Date: June 24, 2009
Contact: Daniel Olmos, (818) 468-8894, firstname.lastname@example.org
Yousef Baker, (301) 703-3315, email@example.com
SANTA BARBARA, Calif. – Nearly five months after opening an investigation of University of California sociology professor William I. Robinson for alleged faculty misconduct, university officials abruptly announced today that it has dismissed all charges and terminated the case.
In fact, an Ad Hoc Committee set up by the Academic Senate to investigate the allegations had already reached the conclusion on May 15 that the charges against Robinson were without merit. The Committee is “unanimous in finding that his sending the email is in accord with the principles of academic freedom, especially when teaching a class whose content is the sociology of globalization,” stated the report.
Yet, remarkably, the top-level administration kept these results secret for six more weeks, dragging Robinson deeper into public scrutiny and further tarnishing the university’s own image.
It was only on June 24 that executive vice chancellor Gene Lucas informed Robinson, without any explanation for the delay, that he “accepted the findings of the Charges Committee” and terminated the matter.
“Why did the administration wait six more weeks before ending this case,” asked Yousef Baker, of the Committee to Defend Academic Freedom. “The professor faced six more weeks of harassment and disruption of his teaching, and research, while the sense of intimidation among faculty and students only deepened. They owe us an explanation.”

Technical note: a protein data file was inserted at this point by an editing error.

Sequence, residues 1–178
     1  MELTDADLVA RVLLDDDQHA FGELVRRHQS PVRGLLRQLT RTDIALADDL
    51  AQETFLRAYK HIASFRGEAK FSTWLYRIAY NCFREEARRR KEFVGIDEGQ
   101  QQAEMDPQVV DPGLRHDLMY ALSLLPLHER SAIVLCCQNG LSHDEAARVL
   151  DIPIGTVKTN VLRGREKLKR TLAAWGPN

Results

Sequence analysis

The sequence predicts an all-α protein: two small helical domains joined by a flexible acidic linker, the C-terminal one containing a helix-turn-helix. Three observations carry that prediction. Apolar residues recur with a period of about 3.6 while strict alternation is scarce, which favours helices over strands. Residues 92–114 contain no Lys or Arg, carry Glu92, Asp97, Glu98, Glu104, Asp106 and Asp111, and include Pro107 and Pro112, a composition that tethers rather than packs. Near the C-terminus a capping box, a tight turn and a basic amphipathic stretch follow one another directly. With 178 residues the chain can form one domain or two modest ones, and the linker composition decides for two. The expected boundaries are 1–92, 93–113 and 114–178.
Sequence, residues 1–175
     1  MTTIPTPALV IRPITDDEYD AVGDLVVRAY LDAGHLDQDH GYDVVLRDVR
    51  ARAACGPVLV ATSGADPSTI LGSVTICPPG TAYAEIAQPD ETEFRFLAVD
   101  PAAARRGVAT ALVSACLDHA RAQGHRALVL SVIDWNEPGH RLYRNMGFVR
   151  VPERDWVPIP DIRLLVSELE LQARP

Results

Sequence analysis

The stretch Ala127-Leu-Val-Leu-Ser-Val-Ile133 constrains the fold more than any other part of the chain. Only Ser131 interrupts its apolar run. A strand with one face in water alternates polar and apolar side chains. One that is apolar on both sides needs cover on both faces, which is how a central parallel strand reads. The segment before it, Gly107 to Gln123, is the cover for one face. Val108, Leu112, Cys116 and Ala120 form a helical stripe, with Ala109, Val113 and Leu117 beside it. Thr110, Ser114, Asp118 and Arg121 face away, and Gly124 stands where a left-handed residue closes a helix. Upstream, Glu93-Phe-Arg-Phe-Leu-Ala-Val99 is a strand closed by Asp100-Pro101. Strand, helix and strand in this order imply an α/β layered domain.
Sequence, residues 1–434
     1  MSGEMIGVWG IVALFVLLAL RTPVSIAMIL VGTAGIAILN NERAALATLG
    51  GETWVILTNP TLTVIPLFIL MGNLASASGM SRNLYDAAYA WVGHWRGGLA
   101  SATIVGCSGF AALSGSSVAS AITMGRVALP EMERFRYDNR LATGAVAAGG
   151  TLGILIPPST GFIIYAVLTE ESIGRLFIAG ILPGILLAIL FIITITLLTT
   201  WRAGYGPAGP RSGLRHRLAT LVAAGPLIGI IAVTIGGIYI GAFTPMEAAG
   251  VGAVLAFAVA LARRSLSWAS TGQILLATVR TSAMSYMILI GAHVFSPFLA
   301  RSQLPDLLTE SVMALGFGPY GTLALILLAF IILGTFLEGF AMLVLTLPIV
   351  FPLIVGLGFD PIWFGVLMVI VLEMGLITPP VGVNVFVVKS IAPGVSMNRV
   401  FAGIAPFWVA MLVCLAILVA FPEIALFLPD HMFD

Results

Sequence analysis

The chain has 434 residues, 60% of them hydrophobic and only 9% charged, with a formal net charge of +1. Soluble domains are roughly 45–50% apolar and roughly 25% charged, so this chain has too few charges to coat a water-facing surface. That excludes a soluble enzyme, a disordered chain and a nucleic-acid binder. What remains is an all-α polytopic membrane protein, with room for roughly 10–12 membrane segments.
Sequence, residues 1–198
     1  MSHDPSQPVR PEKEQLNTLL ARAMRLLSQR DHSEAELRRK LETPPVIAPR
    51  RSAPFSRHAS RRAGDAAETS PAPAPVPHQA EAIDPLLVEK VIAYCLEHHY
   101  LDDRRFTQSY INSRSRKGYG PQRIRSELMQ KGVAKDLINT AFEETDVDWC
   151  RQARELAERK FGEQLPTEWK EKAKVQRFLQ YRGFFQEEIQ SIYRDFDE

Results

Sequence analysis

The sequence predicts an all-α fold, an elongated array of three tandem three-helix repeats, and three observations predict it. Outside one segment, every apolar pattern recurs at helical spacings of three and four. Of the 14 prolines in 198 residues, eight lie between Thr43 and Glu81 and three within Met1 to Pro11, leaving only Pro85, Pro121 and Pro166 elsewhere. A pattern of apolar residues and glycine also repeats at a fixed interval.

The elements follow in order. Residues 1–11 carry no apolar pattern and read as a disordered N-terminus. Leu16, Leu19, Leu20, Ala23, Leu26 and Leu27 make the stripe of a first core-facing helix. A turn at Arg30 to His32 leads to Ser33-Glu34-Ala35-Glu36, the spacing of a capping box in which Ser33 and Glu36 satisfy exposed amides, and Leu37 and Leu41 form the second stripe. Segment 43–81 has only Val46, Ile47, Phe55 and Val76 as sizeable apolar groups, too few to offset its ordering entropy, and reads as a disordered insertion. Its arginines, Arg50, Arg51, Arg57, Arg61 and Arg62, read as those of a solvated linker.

The case began when he introduced materials criticizing the Israeli invasion of Gaza into a course on global affairs last January. The materials included a photo essay that Robinson forwarded to students from the Internet juxtaposing images of Israeli abuse against Palestinians with Nazi abuses during the holocaust. Two students took offense at the images and withdrew from the course, prompting pro-Israel groups to pressure the university to pursue charges of “anti-Semitism” against Robinson.
According to Baker, “university officials might believe this case is closed, but we will pursue the matter until full justice is achieved. Unless those that violated university procedures and effectively politicized this case are held accountable and punished accordingly this episode will have set a precedent for impunity and will leave in place a chilling atmosphere of censorship on campus.”
The case against Robinson has attracted broad national and international attention and brought the University of California under increasing condemnation for violation of academic freedom and political retaliation against faculty members who introduce materials critical of Israel.
For his part, Robinson stated that he is awaiting “a public apology from the university as a first step in clearing my name after it has smeared my reputation and undermined my professional integrity.”